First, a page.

Gelao is not well documented, having only been studied by a few scholars such as Li Jinfang, Jerold A. Edmondson, Weera Ostapirat, and Zhang Jimin. The three varieties in Vietnam are not mutually intelligible, and three varieties in China may be distinct languages as well. Ethnologue classifies Gelao as four languages, perhaps as closely related to the two Lachi languages as they are to each other.

Ostapirat (2000), Edmondson (2008)

Ostapirat (2000) proposed three major subdivisions for Gelao, with a total of 17 varieties.[18] The Central and Southwestern branches shares various phonological innovations, suggesting an initial split with the Northern branch. Some varieties cited are also from Jerold A. Edmondson (2008).[19] Edmondson also proposes that Red Gelao of the China-Vietnam border may in fact constitute a separate primary branch of Gelao.

Central (Gao)

Northern (Red Gelao)

Southwestern (White and Green Gelao)

Zhang (1993)

Zhang Jimin (1993) recognizes the following subdivisions of Gelao.

Bradley (2007), He (1983)

The Encyclopedia of the World's Endangered Languages groups Gelao into five subdivisions.[27]

The most extensively studied varieties are the Wanzi and Zhenfeng dialects, while the most endangered one is Red Gelao.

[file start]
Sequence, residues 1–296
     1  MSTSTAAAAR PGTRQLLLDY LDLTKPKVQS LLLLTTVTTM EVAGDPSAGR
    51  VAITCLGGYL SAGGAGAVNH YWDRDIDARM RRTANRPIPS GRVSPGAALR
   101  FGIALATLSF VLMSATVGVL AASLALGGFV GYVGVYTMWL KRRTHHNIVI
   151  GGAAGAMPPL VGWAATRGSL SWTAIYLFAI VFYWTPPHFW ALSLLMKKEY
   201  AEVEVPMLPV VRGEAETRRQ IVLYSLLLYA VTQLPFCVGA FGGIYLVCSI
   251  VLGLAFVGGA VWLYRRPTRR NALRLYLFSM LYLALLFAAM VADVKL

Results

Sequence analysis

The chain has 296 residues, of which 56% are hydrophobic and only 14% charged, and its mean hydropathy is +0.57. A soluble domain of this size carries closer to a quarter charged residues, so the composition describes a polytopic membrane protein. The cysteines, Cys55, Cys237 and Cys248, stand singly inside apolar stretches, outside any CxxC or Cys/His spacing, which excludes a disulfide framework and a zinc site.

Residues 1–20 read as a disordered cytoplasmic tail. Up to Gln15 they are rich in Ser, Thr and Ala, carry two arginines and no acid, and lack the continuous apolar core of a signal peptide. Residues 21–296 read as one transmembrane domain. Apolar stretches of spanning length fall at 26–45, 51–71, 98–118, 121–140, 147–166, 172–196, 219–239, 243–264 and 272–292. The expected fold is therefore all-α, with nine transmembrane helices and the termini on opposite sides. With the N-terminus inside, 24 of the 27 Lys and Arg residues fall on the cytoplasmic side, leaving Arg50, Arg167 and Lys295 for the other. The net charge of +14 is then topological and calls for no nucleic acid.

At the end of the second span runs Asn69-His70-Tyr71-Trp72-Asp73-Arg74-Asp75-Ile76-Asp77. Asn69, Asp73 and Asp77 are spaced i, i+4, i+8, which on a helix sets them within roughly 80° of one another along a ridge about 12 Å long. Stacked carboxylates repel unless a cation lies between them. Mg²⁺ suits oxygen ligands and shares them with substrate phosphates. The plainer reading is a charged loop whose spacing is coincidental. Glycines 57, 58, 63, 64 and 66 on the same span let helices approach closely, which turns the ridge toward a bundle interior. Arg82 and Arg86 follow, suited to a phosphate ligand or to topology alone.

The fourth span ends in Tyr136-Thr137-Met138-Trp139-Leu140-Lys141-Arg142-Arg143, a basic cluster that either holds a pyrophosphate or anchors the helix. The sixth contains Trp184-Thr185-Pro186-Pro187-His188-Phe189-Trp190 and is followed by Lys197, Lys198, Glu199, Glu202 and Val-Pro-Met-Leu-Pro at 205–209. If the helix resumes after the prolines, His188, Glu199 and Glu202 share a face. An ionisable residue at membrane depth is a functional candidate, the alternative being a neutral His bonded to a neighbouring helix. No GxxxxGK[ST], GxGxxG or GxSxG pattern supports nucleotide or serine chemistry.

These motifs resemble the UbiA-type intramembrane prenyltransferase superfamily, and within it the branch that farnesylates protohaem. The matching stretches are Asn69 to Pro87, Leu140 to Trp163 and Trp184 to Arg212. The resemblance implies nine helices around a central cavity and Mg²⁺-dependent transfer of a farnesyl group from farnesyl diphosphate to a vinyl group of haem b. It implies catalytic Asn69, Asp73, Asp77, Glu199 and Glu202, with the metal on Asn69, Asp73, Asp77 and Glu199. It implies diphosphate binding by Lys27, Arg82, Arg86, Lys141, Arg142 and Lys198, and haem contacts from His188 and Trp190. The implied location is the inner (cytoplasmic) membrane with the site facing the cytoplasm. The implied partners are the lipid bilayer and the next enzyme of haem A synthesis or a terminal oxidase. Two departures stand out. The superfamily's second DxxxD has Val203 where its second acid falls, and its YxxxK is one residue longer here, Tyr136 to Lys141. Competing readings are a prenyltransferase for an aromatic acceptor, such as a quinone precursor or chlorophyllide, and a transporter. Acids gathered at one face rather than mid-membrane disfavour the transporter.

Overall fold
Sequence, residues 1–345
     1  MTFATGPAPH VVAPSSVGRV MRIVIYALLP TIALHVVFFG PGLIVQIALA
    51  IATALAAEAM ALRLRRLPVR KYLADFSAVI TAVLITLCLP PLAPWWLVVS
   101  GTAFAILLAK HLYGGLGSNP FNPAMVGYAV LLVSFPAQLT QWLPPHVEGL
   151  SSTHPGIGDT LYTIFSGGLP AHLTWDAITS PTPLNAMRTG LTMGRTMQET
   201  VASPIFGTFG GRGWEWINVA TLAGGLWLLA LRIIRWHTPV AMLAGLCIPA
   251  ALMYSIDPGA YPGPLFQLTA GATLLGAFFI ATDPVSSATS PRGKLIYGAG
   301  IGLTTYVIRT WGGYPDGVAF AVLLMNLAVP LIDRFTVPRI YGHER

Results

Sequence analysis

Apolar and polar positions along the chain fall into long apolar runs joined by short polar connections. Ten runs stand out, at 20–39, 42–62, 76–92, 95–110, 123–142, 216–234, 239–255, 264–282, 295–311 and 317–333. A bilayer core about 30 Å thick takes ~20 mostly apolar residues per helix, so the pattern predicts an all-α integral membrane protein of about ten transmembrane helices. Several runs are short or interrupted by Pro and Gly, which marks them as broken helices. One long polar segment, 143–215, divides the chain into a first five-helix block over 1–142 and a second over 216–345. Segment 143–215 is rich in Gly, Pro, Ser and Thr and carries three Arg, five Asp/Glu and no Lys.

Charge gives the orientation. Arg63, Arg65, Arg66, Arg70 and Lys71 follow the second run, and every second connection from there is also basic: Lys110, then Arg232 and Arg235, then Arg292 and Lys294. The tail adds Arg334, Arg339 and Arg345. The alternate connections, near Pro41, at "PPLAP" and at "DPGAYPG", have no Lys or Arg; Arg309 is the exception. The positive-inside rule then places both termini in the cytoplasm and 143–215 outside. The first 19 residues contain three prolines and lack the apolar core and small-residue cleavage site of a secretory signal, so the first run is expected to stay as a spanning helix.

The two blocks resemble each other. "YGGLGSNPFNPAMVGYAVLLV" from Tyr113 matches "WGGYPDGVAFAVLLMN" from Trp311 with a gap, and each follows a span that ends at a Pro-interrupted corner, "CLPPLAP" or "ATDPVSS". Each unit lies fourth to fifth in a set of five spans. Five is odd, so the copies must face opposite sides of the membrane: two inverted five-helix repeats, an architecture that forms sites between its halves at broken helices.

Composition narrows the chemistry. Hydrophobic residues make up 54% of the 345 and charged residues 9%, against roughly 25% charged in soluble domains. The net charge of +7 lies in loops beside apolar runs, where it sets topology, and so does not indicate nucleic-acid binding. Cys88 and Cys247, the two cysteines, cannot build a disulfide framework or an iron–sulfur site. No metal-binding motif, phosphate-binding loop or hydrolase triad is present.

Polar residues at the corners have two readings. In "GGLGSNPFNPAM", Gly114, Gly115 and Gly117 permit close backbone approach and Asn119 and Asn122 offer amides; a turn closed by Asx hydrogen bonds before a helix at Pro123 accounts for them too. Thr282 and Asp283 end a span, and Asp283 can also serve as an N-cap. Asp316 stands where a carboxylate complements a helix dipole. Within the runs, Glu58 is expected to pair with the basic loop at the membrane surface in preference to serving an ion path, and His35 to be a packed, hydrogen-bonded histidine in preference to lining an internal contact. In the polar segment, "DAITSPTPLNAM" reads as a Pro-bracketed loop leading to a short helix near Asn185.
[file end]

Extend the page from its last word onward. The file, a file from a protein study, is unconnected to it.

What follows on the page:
Zhou (2004)

Zhou (2004) lists four dialects of Gelao.

Wei (2008)

Wei Mingying (2008:45)[28] classifies the Gelao dialects as follows.


Gelao has many uvular and prenasalized consonants.[29] Many varieties also preserve consonant clusters that have been lost in most other related languages. These consonant clusters, such as pl, bl, pʰl, ml, mpl, vl, and kl, correspond regularly with consonants in Lachi, Mulao, Qabiao (Pubiao), Buyang, and various Kam–Tai languages. Gelao also shares many phonological features with Bouyei and other neighboring non-Kra languages.

Many Gelao varieties have a total of six tones, including two level tones (˧ and ˥), two rising tones (˩˧ and ˧˥), and two falling tones (˧˩ and ˥˧).

Sound correspondences between the Liuzhi (六枝) and Zhenfeng (贞丰) varieties include:[6]

[Liuzhi : Zhenfeng]


Like all of its surrounding languages, Gelao is a head-first, SVO language. Like Buyang, one unusual feature of Gelao is that negatives usually come at the end of a sentence. Reduplication is very common and is used for diminutive or repetitive purposes.[29] Other common features include the use of serial verb constructions and compound nouns. Although numerals and classifiers precede nouns, adjectives (including demonstratives) always follow the noun. Function words, such as prepositions and auxiliary words, are often derived from verbs.

Like Buyang and Dong, Gelao retains many prefixes that have been lost in most other Tai–Kadai languages. Zhang (1993:300) notes that the Moji (磨基) Longlin variant makes especially extensive use of prefixing syllables before nouns, verbs, and adjectives.[30] These prefixes are especially important for reconstruction purposes.

Many words in Gelao are derived from vernacular Southwest Mandarin Chinese. These loanwords are often used interchangeably with native Gelao words. There is also a highly rich system of classifiers.